It’s hard to believe it’s already been a week since I was in Vegas at the OMG2013 summit. I’ve been thinking about the experience and trying to figure out what I really want to say about it. First of all, if you are a young adult with cancer or a survivor – you need to look up Stupid Cancer. They have regional meet ups and the experience of the summit is life changing.
I’ve been very open throughout the past year with Fletcher. As a five year old, he is obviously keenly aware of the changes going on with mom. I have always been the center of his world and he does a lot better when he understands what is going on with me. Obviously, I have to break everything down into five-year-old-speak. One of the things that I have taught him in the past few months is that a person who has had cancer is called a survivor. Survivors are very special people and the people in their families and close friends who have helped to take care of them are very special people too. One of the most special things about survivors and the people who took care of them while they were sick is that they are instant friends. They have been through things that no one else has which makes them friends forever. It really is easier to break it down in those simple terms because it isn’t any easier to explain it to adults. There is no one who can understand cancer unless you have lived through it. Cancer is not alone in this – I think anyone who has been forced to face their mortality comes out changed. Walking into the conference and being with literally hundreds of people who “get it” is indescribable. It isn’t about the diagnosis. It isn’t a contest to see who had the “worst” cancer or the most treatments. We didn’t even talk about these things. It is about right now. THIS moment. That even with our scars, chemo brains, and “imperfections”, we are here. We are doing our best to do something with our lives.
I have come home from the conference feeling so empowered. So motivated to do something. Such a part of this large group of people rather than feeling so alone. I’m working with people at my hospital to start something. I’m not sure what it’s going to look like, but I know we can do better. There are a lot of us. 72,000 AYA (adolescent and young adult) patients are diagnosed each year. To give you a comparison, there are 10,000 children diagnosed each year. Hoards of AYA patients are being robbed of their fertility, facing losing their jobs because of the time off required for treatment and late effects, trying to navigate dating and relationships, dealing with their own changed self image, facing financial hardships to cover medical costs, and trying to retain some sort of “normal” life. For the most part, they are doing this alone. There needs to be support for our specific needs. Face to face, readily available, not sitting in a circle at the hospital kind of support. I am working to make that happen. Happily, these ideas have been well received and others are working to make it happen too.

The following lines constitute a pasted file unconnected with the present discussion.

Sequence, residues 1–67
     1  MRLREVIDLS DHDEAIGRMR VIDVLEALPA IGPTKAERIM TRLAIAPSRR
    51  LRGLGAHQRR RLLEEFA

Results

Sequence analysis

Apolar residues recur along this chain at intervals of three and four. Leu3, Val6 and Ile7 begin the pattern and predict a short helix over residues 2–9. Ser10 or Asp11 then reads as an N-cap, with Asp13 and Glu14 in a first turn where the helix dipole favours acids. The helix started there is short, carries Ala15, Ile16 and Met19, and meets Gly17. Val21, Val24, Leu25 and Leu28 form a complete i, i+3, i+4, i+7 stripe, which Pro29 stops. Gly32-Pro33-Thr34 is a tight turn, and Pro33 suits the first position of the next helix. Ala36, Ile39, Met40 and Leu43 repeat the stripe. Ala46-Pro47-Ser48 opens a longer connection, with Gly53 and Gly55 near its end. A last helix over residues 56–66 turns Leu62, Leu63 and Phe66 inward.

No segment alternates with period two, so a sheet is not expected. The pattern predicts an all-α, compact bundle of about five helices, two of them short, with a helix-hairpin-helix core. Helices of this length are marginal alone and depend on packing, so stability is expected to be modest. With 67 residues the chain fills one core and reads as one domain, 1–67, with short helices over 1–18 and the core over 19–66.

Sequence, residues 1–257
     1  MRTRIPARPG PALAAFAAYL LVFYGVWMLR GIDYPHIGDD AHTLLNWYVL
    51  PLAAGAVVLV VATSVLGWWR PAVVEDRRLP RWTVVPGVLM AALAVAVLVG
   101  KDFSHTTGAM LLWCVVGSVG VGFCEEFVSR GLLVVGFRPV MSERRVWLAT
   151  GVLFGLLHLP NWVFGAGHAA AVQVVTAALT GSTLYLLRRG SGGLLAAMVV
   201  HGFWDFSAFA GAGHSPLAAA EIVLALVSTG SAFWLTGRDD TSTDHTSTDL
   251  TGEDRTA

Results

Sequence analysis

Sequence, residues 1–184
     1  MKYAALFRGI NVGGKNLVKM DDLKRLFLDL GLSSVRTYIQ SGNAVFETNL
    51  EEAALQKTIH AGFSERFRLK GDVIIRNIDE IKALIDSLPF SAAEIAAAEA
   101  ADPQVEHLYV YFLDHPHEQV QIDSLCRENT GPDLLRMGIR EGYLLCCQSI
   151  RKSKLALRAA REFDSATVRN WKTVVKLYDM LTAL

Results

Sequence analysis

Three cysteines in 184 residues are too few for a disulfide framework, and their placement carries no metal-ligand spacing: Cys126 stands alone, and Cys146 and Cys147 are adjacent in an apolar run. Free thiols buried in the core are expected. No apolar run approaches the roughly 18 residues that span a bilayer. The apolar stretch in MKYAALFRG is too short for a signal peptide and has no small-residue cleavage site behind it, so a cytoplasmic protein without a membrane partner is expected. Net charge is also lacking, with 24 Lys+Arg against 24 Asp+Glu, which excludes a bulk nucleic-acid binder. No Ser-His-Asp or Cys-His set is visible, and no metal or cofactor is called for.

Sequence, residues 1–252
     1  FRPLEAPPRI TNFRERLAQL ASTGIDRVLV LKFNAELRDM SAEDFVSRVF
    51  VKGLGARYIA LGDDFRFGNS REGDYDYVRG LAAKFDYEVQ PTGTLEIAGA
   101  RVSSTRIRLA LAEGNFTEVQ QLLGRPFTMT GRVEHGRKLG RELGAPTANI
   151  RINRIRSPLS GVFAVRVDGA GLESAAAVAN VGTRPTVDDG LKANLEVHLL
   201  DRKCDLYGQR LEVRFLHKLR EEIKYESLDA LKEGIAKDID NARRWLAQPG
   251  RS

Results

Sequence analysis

One of the most impactful things to come out of last weekend is the realization that, for most of us, cancer is not the worst thing that has happened in our lives. For some of us it is. But it’s amazing how much good can come out of something so bad. Make no mistake, cancer is horrible. This past year has been harder than anything I’ve ever done, and I’m not done yet. Even though I’ve shared most of it through this blog, it is impossible to really share it all. There have been days that Eric has had to carry me because I didn’t have the strength to move. But it’s made me a better person. I think most people who have lived through it would say the same. It has changed my priorities and made me realize that I want to live big. I don’t want to look back and feel like I wasted my time. No matter when I go (you know we all do), I want my kids to have learned the lesson that is Stupid Cancer’s tag line – that we should all Get Busy Living. I’m not talking about being famous or anything like that. I’m talking about making a difference in what is important to you. Stop bitching about things you can’t change. Better yet, stop CARING about things you can’t change. We all know traffic sucks. We all know people are annoying. But once you realize that those things aren’t important enough to be annoying, aren’t impactful enough to “suck”, then you’ve started getting your priorities right. Something that you forget about an hour after it happens isn’t important. If it is important enough to bother you, then change it. Stop spending your life complaining. Figure out what you love and make a difference. It’s simple.
I am still working to educate myself. The summit had amazing experts in every conceivable field and they were all readily available to talk to. I have a list of books to read, sites to check out and products to look into. I have never seen so many valuable resources in one place. We learned everything from the advancing genetics used to study individual tumors and finding the exact medicines needed to treat them (oh how I wish I were able to have that) to environmental toxins and foods that will help prevent recurrence. If knowledge is power, then I am a much more powerful person for attending.
Since I’ve been home, I continue to be amazed at the friends I have made. I have been reading blogs, articles, and posts. I’ve been discovering new non-profits and corporations that can help me. I’ve continued to be empowered and motivated to do more. It’s like my own personal OMG at home. I’m so thankful to everyone for this. I don’t want to get used to things. I don’t want the feeling to go away. I need that motivation to remember how good it can be. And I need to figure out a way to provide that to others here – survivors and newly diagnosed alike. We shouldn’t be alone. We don’t have to be.